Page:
38 | plastics business • 2020 Issue 3

production, root cause failure analysis and other performance metrics to support plastics manufacturers’ decision-making. Q: Cost efficiencies are critical right now, as many in the manufacturing community struggle to recover from the shutdowns and slowdowns that resulted from COVID-19. How does Industry 4.0 contribute to a more cost-efficient organization? Cost efficiencies are really critical during this COVID-19 era – but even more important than the dollar costs are the time efficiencies. Manufacturers want to limit social exposure, so that employees don’t have to be on-site any more than necessary. That leads to questions like, “What’s the shortest possible time to get a machine to produce?” and “How can we accelerate delivery to minimize exposure?” With Industry 4.0 adoption, smart machines self-report, so fewer operators are needed. It also means that failures are caught immediately, enabling teams to correct the issues and get back into production sooner. In this way, plastics manufacturers can keep up and running as time-efficiently as possible with as few people as possible. Q: How many plastics processors are utilizing Industry 4.0 capabilities within their facilities – or using it efficiently? Are there stumbling points that are common? I haven’t seen any shop in the last three to four years that is not using some piece of Industry 4.0 technology, whether it’s the use of sensors or a smart system, but only about 30% to 40% are fully automated. There are three reasons for this.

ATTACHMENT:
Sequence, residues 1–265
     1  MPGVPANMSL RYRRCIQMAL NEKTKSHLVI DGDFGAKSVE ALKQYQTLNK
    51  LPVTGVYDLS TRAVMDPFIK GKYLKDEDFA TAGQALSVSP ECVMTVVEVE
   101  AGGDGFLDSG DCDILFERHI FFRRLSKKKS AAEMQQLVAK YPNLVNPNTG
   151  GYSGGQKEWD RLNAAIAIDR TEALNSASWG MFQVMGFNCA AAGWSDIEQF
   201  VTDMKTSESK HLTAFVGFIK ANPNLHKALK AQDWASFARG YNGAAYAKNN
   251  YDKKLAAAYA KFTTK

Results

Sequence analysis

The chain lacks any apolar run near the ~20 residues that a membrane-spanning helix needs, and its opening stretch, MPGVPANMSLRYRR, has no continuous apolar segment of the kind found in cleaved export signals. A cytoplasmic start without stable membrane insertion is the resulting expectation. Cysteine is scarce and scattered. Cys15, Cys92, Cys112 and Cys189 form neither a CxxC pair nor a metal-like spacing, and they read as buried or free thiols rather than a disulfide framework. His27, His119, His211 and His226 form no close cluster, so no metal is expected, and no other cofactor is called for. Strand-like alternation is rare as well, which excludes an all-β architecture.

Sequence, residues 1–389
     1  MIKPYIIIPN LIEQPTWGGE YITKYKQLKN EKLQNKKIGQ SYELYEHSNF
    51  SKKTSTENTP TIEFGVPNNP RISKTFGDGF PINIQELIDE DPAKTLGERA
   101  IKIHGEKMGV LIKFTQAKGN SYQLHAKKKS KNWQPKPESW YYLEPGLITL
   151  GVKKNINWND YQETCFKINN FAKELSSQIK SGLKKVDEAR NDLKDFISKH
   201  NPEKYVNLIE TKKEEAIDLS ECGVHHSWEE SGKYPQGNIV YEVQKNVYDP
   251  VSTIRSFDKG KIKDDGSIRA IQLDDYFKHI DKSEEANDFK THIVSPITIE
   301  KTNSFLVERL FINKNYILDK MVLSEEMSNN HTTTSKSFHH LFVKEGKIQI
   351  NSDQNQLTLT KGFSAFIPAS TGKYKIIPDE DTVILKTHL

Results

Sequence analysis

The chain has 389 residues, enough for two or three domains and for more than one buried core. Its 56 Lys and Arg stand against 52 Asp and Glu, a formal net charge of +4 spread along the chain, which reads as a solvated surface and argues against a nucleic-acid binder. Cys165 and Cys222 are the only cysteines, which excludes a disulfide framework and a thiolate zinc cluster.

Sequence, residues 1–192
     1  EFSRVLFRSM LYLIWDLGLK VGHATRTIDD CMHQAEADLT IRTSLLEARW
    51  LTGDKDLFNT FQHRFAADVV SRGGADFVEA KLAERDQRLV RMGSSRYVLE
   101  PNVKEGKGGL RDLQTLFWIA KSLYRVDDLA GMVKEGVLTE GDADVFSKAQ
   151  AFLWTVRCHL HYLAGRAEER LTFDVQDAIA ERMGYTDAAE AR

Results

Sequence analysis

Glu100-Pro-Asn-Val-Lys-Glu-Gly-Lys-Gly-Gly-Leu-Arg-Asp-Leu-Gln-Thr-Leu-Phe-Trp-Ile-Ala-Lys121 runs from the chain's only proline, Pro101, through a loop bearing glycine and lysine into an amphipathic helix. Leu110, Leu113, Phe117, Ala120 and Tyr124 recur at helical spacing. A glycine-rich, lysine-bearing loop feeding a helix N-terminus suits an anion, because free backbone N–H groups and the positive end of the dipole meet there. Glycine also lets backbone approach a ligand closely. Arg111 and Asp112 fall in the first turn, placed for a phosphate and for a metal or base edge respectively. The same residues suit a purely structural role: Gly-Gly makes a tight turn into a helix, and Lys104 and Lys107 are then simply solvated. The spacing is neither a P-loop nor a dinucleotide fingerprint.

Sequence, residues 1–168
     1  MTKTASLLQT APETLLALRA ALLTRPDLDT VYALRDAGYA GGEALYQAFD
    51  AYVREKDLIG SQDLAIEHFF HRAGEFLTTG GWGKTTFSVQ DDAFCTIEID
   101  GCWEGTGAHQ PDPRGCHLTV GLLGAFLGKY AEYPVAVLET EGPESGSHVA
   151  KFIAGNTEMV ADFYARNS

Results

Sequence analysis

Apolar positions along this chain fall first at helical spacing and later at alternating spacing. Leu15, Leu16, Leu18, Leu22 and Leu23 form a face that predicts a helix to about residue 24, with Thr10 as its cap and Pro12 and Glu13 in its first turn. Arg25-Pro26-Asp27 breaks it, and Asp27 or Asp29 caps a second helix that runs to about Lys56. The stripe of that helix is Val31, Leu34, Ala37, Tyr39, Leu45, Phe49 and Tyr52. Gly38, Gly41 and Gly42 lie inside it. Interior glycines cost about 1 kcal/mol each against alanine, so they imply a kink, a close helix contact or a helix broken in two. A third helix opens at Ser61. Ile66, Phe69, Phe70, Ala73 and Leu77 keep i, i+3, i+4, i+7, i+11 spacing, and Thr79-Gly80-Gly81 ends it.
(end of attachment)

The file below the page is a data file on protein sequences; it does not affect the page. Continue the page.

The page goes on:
1. First, the benefits of Industry 4.0-enabled automation are highest for repetitive production. By contrast, small, highly customized production runs require a level of flexibility that is sometimes still better supported by employees rather than automated machines. 2. Second, inertia – some manufacturers are more comfortable with the devil they know and hesitate to adopt new technologies. 3. Finally, there’s cost. There’s a big financial investment in buying new smart machines or doing a smart retrofit of existing equipment, and that investment usually is made over a long period of time. Q: What recommendations do you have for manufacturers looking to expand their Industry 4.0 capabilities? Are there logical steps to take right now for greater success over the next six to nine months of recovery? Manufacturers should start with an assessment of their job mix. There are three scenarios where this technology can help position plastics manufacturers for profitability and growth during the current market uncertainty and beyond.

spikes in demand, such as those we’ve been seeing in the medical and consumer goods markets. 2. Another factor is the need for monitoring and keeping exacting records in highly regulated industries. Here, the real-time monitoring and traceability enabled by Industry 4.0 systems significantly streamline reporting while ensuring accuracy. 3. A newer driver is energy demand, as more businesses and governments establish green consumption criteria. Newer, smart machines that produce significantly more parts per hour while using less energy can help manufacturers comply with sustainability requirements, and they often pay for themselves in three to four years. n Steve Bieszczat is chief marketing officer for DELMIAworks (Formerly IQMS), where he is responsible for all aspects of DELMIAworks brand management, demand generation and product marketing. Prior to DELMIAworks, Bieszczat held senior marketing roles at ERP companies IQMS, Epicor and Activant Solutions. Bieszczat

1. Applying Industry 4.0-powered automation to high-volume, highly repetitive jobs enables manufacturers to take on huge